On a recent afternoon, the skies over Highclere Castle were a brilliant blue more reminiscent of Southern California than the Hampshire countryside, but otherwise things on location at "Downton Abbey" were characteristically English.
That is to say, there were stiff upper lips among cast and crew, despite the fact that the beloved period piece is more than halfway through filming its sixth and final season.
"We're not in the least bit sentimental yet," said
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The series, which airs stateside on PBS under the "Masterpiece" banner, has broken out well beyond the niche audience of Anglophiles and costume-drama enthusiasts to become not only the most-watched drama in the network's history but also one of the most popular shows on American television, full stop. It has racked up 51 prime-time Emmy nominations, and its sprawling cast has twice won the Screen Actors Guild Award for ensemble in a drama series.
The fifth season, which ended with the crowd-pleasing engagement of Carson, Downton's curmudgeonly butler, to Mrs. Hughes, the estate's quick-witted housekeeper, averaged nearly 13 million weekly viewers — barely a dip from the previous year. So why end it now?
"Well, you know, life is a process of hellos and goodbyes," said series writer and creator Julian Fellowes. "We all know that nothing lasts forever, and you want to leave when they're still sorry you're going."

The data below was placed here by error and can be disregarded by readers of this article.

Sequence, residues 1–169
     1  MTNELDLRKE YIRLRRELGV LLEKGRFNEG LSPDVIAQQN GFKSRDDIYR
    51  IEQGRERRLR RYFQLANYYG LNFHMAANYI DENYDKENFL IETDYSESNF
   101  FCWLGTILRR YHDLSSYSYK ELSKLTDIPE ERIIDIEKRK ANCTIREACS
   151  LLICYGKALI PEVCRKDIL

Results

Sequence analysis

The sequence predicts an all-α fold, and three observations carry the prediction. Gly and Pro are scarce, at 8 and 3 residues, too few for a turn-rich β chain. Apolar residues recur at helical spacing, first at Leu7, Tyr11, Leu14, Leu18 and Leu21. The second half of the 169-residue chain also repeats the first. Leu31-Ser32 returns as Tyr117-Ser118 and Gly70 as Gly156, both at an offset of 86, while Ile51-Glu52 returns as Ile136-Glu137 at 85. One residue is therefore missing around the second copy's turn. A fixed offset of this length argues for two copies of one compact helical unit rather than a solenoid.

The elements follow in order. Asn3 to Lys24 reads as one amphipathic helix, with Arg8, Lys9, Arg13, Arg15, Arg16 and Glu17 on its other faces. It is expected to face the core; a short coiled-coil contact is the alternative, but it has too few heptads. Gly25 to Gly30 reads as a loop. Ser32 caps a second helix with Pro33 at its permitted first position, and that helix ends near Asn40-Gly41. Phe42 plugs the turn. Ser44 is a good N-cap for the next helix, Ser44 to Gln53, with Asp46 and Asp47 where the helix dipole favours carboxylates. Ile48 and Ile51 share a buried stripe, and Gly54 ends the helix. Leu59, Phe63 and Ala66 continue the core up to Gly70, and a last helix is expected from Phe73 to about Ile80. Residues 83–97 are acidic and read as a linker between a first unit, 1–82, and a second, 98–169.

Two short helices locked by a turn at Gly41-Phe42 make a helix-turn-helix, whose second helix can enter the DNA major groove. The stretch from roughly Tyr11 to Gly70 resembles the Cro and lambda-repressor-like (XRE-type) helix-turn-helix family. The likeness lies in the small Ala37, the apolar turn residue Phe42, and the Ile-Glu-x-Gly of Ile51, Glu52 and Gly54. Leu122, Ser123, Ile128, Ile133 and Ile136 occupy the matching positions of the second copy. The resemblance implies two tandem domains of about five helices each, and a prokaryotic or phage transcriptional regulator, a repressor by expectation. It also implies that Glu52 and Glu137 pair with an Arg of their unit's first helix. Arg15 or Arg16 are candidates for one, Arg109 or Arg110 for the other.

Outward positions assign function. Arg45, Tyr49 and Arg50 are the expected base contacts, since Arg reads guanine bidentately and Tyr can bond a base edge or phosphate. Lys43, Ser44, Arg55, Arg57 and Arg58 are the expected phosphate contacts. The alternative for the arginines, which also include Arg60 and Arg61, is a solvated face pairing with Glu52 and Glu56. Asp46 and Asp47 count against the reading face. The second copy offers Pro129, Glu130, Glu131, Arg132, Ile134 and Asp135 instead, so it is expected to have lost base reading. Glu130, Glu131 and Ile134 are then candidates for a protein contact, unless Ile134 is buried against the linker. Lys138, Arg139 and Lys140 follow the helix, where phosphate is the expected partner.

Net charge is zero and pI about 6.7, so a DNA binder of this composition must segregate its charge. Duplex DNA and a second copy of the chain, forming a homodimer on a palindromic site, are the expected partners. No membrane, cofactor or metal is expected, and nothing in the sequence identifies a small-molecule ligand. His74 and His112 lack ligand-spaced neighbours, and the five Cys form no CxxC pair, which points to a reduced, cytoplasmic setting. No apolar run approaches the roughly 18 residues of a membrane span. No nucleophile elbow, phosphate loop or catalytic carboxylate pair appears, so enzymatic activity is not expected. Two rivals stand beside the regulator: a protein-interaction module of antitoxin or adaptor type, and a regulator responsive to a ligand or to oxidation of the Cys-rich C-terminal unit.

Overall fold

The original plan had been to end the show after Season 5, but executive producer Gareth Neame pushed for one more season in order to tie up the many narrative loose ends. It also feels right to end the series as it pushes into the late 1920s, said executive producer Liz Trubridge. "We've hit a time in history when things are changing. We've gone a long way from 1912 to 1925; that's a huge piece of social history that has never been told this way before."
Sometime in more recent history — circa 2008 — Neame came to Fellowes with the vague idea for a series that would tell the intertwining stories of an aristocratic family and their servants in the waning days of the Edwardian era. Fellowes, who won an Academy Award for his screenplay for "Gosford Park," was initially reluctant to revisit the upstairs-downstairs milieu but soon sent Neame an outline for what would become "Downton Abbey."
British network ITV quickly scooped up the project, but an American distributor proved more elusive. Over lunch at Highclere's tea shop, Neame recalled an unnamed television executive who told him that nobody in the United States would ever be interested in the series. "Downton Abbey" has clearly proved the skeptics wrong.
"The way this story is told, it's fast-paced. It's not Charles Dickens or Jane Austen," said Neame, who argues that the series, despite its exacting period detail and sharp social commentary, is "more soap than costume drama."
But the show's sudsiness has been a sticking point for some critics, who have scoffed at plot twists that occasionally strain credulity and a second season that raced through the entirety of World War I in just eight episodes. Many fans were appalled by the sudden death of Matthew, Lady Mary's husband and heir to the estate, in the third-season finale, but according to Neame it was the only plausible way to write the character out of the series once actor Dan Stevens decided to leave.